Then, as now, Afghanistan provided the perfect pretext for Western action, first as a war of "fiercely religious freedom fighters" against communism, now as a war against those same "fiercely religious freedom fighters" - a biblical war that is not only sharply redefining America’s role in the world in the 21st century, but the future of the world itself.

For a year following 9/11 Kipling’s metaphor "Lest we forget, lest we forget," struck a resonant chord as a sometimes Dan Rather sign-off in remembrance of the victims of September 11, sometimes as their flag-draped bodies were removed from the site at ground zero, sometimes at a funeral as a bugle played or at a speech given by President George Bush.

But Rather paid little service to the memory of the latest victims of America’s secret war in Afghanistan by citing Kipling’s warning to boastful Empire builders, lest they repeat the tragic mistakes of the past.

Lest we forget, many mistakes were made in Afghanistan in the rush to crush the Soviet’s Empire and expand America’s. Draped in the illusion of helping the people of Afghanistan to regain their country from communist oppression, the United States recruited, armed and trained the most extreme of Arab terrorists, brought them to Afghanistan and set them on the hapless Russians. Then, lest we forget, when these elements, battle hardened and armed with the latest American high tech weapons turned on each other after the Soviets departed, the United States left Afghanistan in the hands of a profoundly corrupted Pakistani military establishment with a well known hatred for Afghan independence. Then, lest we forget, the United States encouraged Pakistan’s creation of the hated Taliban regime and came within months of recognizing it as the legitimate government of Afghanistan. Lest we forget, the effort to first humiliate and then defeat the Soviet Union, destroyed Afghanistan’s civil society while enabling Pakistan to conceal its development of nuclear weapons - a phenomenon which nearly resulted in a nuclear war as long ago as 1992.

Lest we forget that the safer and better world that had been promised following 40 years of record setting military spending against the Soviet Union never materialized, while the United States now embraces most of the totalitarian practices of state ideology these budgets were meant to defend us against.

And lest we forget, the new, smaller, lighter "war-fighting" nuclear weapons produced by the Soviet Union to counter the American nuclear buildup of the 1980's have long since found their way into far more dangerous hands who can and will use them in an attack that may soon put the horror of September 11 to shame. And lest we forget, the programs and policies that might have ended the hemorrhaging of such devices across the now porous Russian border - have fallen through the security net of the Bush administration as America gears up for the next generation of high technology weapons.

Lest we forget what remains of Nineveh and Tyre, Greece, Persia and Rome. Lest we forget the "valiant dust that builds on dust,... the frantic boast and foolish word" and ask our God for mercy.

And lest we forget, it was Dan Rather who first set the chilling official tone on America’s secret war in Afghanistan; a tone that re-established the Cold War in stark and the uncompromising terms of light against dark and kept that tone alive as Afghanistan became the breeding ground for terror. And lest we forget it was Dan Rather who knew more than anyone what had been done to Afghanistan, what it had become, and what it would become, but instead of reminding us and warning us of the dangers of Empire, he chose to let us forget. And as the world moves closer to Armageddon this Sunday morning, that is something we should all remember.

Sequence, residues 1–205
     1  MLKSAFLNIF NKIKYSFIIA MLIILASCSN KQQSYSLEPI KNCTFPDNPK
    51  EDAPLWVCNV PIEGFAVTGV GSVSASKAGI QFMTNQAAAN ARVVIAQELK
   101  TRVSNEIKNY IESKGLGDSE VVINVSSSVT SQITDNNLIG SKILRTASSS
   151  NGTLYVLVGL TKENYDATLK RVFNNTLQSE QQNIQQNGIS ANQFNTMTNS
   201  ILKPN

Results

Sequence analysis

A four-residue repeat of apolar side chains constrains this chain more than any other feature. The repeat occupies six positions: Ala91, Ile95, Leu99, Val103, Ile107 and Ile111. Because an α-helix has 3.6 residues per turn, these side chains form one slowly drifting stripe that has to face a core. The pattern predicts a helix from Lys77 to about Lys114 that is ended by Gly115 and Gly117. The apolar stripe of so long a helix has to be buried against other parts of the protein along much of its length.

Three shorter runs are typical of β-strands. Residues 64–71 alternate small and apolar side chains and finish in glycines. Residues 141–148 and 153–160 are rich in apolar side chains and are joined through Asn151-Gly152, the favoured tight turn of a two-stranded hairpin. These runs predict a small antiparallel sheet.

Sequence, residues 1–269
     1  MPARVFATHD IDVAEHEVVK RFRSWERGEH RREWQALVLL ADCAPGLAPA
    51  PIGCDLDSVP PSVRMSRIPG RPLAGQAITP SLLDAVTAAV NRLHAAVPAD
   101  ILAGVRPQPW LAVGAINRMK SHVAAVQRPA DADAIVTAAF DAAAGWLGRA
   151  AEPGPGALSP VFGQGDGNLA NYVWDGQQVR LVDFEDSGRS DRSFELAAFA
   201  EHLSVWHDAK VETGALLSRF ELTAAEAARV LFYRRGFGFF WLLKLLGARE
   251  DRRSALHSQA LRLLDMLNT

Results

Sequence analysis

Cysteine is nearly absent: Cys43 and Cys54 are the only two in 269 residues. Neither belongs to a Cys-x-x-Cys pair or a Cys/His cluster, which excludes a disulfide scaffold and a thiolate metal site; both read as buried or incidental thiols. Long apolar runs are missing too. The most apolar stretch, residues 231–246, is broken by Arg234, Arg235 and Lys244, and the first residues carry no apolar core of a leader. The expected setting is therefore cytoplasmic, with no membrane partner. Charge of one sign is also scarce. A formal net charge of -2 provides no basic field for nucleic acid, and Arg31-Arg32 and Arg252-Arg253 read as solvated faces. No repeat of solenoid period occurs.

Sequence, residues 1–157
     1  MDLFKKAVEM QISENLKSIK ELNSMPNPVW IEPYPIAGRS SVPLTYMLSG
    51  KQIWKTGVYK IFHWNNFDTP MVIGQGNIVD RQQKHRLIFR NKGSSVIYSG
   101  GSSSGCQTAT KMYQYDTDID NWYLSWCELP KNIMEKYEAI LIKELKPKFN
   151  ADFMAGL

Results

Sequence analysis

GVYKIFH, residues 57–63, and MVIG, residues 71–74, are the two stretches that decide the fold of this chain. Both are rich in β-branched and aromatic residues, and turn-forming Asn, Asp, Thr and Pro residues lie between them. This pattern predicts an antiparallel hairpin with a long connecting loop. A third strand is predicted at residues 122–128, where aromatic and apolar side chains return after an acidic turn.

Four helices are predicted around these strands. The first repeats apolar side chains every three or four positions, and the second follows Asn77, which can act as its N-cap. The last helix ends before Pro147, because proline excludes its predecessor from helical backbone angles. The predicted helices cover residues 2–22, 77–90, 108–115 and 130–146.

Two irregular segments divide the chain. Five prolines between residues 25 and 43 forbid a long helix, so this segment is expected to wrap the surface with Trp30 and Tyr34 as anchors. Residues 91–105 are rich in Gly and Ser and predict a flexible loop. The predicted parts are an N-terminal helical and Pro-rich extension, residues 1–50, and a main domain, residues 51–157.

In 1981 we went to Afghanistan as an act of individual initiative. In 1983 we returned with the hope of aiding a negotiated settlement. We returned to Afghanistan again in 2002 to find a country that had been nearly leveled by the war. At Kabul university students sat on bare floors in rooms with no doors and no walls. In the former Soviet compound, 2000 people huddled in squalor. Millions of refugees had returned from exile in the middle of a drought to find a ravaged city with no adequate supply of food, housing, electricity or even a source of clean water.

It was painful to see, especially knowing that it had all been preventable and that the American people might have demanded a diplomatic resolution to the conflict from their government had they been informed. But despite the ruins and destitute nature of the country, seeing the people of Afghanistan through the eyes of Sima Wali left me with an abiding belief in the power and goodness of the human soul and the belief that no matter what - a new and perhaps better Afghanistan can be made from the ruins. And if that can be done under such terrible circumstances as this, then perhaps we too can rebuild our America into a nation we can once again be proud of.

Copyright c 2004 Gould & Fitzgerald

All Rights Reserved



by Rudyard Kipling

God of our father, known of old—
Lord of our far-flung battle-line-
Beneath whose awful Hand we hold
Dominion over palm and pine—
Lord God of Hosts, be with us yet
Lest we forget—lest we forget!

The tumult and the shouting dies—
The Captains and the Kings depart—
Still stands Thine ancient Sacrifice—
An humble and a contrite heart.
Lord God of Hosts, be with us yet,
Lest we forget—lest we forget!

Far-called, our navies melt away—
On dune and headland sinks the fire—
Lo, all our pomp of yesterday
Is one with Nineveh and Tyre!
Judge of the Nations, spare us yet,
Lest we forget—lest we forget!

If, drunk with sight of power, we loose
Wild tongues that have not Thee in awe—
Such boasting as the Gentiles use—
Or lesser breeds without the Law—
Lord God of Hosts, be with us yet,
Lest we forget—lest we forget!

For heathen heart that puts her trust
In reeking tube and iron shard—
All valiant dust that builds on dust,
And guarding calls not Thee to guard—
For frantic boast and foolish word,
Thy mercy on Thy People, Lord!